To illustrate the use of bracket expressions, here is a representation of the initial tree sequence used by Friedman to prove the lower bound mentioned by the OP:

T1  {}
T2  [[]]
T3  [()()]
T4  [((()))]
T5  ([][][][])
T6  ([][][](()))
T7  ([][](()()()))
T8  ([][](()(())))
T9  ([][](((((()))))))
T10 ([][]((((())))))
T11 ([][](((()))))
T12 ([][]((())))
T13 ([][](()))
T14 ([][]())
...

NB: It should be noted that the article linked by the OP does not treat Friedman's TREE function, but a rather different function TR. The confusion may be partly due to the fact that "TR" is also what Friedman called the TREE function before he changed it to the latter name in a follow-up article to the one mentioned in Deedlit's posting.

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Thanks for your comments, r.e.s. I believe you misread what I wrote; I meant that every tree in the initial part of the sequence had at least one 2 label or 3 label, not that it consisted solely of 2 and 3 labels. This is of course enough to imply that no tree in the initial part will be homeomorphically embeddable into a tree in the later part with solely 1 labels. Very nice construction of N. One can do even better; I can prove that TREE(3) > tree(tree(tree(6))), and tree(tree(6)) will certainly be much greater than your N. –  Deedlit Jul 30 '12 at 18:02
    
You actually have it reversed with regard to more stringent versus less stringent. The less stringent definition of $T_i < T_j$ will mean fewer sequences satisfy the requirement, so if we define SUBTREE(n) as the longest possible sequence using this less stringent definition, SUBTREE(n) will exist and SUBTREE(n) <= TREE(n). It's an interesting question as to what the growth rate of SUBTREE(n) is. Regarding the two versions of n(k), the substring definition is more stringent, and that version of n(k) is infinite for k >= 3. –  Deedlit Jul 30 '12 at 18:10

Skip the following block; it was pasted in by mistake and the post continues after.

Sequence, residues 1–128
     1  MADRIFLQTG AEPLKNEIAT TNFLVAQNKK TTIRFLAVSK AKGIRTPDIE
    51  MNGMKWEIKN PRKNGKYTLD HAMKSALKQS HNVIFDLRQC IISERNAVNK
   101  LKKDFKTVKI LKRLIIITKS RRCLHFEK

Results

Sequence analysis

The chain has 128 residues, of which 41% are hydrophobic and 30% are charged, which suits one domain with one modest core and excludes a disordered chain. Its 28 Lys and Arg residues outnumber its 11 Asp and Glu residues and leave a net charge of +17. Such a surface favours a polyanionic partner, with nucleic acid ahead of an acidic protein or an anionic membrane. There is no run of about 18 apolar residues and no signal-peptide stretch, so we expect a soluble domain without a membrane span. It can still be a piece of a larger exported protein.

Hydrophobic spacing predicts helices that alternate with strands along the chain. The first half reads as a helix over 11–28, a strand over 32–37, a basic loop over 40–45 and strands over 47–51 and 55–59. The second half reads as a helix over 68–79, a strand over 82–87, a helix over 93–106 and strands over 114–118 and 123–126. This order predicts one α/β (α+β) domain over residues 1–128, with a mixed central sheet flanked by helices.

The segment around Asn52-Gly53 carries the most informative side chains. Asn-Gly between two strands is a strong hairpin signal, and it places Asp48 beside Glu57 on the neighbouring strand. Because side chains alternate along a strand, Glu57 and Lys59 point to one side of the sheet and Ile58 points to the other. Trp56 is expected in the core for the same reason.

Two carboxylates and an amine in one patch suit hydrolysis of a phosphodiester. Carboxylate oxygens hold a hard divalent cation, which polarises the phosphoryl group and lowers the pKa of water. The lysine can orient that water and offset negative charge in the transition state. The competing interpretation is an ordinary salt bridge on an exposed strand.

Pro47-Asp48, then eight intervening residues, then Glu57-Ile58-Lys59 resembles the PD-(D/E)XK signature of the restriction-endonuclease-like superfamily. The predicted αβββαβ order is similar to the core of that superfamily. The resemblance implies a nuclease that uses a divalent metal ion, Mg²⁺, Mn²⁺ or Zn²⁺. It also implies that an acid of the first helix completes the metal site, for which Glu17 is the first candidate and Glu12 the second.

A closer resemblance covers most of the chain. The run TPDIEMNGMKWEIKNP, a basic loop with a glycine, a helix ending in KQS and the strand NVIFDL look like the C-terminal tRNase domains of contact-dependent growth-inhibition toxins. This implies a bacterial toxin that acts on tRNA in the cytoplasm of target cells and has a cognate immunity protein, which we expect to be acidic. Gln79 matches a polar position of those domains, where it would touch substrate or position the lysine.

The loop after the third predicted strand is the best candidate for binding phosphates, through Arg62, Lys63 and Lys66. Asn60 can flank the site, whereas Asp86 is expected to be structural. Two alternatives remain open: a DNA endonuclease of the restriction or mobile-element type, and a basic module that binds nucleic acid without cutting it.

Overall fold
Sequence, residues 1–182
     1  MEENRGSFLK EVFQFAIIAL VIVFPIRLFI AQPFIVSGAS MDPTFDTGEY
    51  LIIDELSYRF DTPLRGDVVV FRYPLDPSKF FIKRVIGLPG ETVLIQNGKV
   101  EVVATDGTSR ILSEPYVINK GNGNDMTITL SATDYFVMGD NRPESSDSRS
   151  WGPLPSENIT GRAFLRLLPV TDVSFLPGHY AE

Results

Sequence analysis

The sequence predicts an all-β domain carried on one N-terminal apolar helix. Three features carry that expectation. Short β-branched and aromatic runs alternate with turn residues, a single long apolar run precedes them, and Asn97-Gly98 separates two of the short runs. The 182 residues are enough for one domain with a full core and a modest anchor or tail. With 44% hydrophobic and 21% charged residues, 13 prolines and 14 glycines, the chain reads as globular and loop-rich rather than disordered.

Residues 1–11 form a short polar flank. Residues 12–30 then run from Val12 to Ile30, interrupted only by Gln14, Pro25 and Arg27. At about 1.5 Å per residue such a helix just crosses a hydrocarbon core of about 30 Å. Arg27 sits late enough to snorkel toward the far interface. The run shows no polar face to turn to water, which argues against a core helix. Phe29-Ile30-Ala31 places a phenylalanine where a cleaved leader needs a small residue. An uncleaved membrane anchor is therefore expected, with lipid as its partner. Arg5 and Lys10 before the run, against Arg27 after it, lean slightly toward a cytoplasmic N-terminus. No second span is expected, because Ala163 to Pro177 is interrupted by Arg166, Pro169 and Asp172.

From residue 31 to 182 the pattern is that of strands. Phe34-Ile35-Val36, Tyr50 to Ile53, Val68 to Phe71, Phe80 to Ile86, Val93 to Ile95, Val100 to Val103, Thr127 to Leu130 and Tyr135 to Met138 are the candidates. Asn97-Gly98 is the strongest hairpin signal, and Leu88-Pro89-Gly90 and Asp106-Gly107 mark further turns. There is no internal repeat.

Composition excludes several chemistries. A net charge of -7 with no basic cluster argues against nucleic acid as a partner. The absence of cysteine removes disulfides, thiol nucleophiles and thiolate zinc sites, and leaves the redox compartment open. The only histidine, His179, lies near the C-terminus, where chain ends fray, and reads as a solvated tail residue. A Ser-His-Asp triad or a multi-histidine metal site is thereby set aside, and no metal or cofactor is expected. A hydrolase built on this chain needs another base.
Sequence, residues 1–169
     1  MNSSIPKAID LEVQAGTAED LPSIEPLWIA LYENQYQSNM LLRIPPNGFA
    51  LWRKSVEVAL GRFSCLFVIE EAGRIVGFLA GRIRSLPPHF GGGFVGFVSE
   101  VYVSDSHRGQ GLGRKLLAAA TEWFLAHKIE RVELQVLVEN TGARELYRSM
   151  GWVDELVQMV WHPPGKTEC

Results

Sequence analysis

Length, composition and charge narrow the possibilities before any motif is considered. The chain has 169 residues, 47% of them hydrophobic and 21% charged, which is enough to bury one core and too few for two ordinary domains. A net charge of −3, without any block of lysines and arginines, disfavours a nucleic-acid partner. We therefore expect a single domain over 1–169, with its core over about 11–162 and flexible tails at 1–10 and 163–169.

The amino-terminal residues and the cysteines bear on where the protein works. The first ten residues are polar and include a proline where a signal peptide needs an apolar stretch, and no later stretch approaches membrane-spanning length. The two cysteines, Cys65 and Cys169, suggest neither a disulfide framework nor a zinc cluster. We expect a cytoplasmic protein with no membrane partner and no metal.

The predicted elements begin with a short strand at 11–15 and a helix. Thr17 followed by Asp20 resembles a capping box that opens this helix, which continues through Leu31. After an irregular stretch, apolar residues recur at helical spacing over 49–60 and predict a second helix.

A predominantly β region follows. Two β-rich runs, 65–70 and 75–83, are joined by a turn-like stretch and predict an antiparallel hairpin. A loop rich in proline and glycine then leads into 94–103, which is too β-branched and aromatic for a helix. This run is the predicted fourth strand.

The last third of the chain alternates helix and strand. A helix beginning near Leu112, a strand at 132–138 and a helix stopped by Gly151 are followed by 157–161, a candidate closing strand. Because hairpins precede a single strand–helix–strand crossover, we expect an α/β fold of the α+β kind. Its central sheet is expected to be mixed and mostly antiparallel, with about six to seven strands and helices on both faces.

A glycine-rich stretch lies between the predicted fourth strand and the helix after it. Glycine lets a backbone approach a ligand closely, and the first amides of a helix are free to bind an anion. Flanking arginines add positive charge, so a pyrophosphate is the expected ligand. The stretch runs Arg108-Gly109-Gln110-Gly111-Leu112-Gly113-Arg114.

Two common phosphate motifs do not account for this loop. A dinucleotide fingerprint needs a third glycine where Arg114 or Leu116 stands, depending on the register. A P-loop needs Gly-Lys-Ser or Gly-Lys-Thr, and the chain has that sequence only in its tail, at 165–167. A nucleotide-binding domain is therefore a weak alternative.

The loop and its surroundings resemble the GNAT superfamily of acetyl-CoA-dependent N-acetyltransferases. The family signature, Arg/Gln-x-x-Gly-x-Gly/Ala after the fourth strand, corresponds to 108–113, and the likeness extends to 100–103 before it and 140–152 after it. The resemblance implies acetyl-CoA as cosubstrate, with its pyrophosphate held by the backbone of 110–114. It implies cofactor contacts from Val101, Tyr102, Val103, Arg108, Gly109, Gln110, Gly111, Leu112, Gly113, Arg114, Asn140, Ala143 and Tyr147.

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Chris Bird has a series of articles that list functions with high growth rates, all the way to the Bachmann-Howard ordinal. They're all over my head, but they might be useful for getting a more accurate (although still extremely broad) approximation of TREE(3).

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Chris Bird's notations are very interesting, but they serve much the same function as the fast-growing hierarchy does. Note that I had to choose a very specific definition of fundamental sequences for the Hardy hierarchy to get proven inequalities; Comparing TREE(3) to Bird's notation, or indeed to the Hardy hierarchy for a different definition of fundamental sequences, seems quite difficult. And then there's the problem of finding an upper bound for TREE(3); so far, I am at a loss. The problem is not really notational, as the Hardy and fast-growing hierarchies extend quite far. –  Deedlit Sep 22 '12 at 2:54
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What larger: TREE(4) or Busy Beaver(1000) or Dupertri = {3,tritri (1) 2} in BEAF?

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it's not very hard to program TREE with much less than 1000 steps... –  Feldmann Denis Sep 4 '12 at 11:01
    
As for Dupertri (or '''any''' simply described recursive function), it is much smaller than, say, Goodstein funtion $G(8)$... –  Feldmann Denis Sep 4 '12 at 11:04
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If you have a question, please use the "Ask question" link near the top of the page. –  S. Carnahan Sep 5 '12 at 9:10
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Actually, Dupertri is considerably larger than G(8), although much less than TREE(4). As for programming TREE using a 1000-state Turing machine, that seems to me quite difficult! Imagine the pain of manipulating rooted tree structures when all you have is a string of 0's and 1's to work with. Still, I believe such a 1000-state Turing machine exists, so Dupertri < TREE(4) < BB(1000). –  Deedlit Sep 22 '12 at 2:59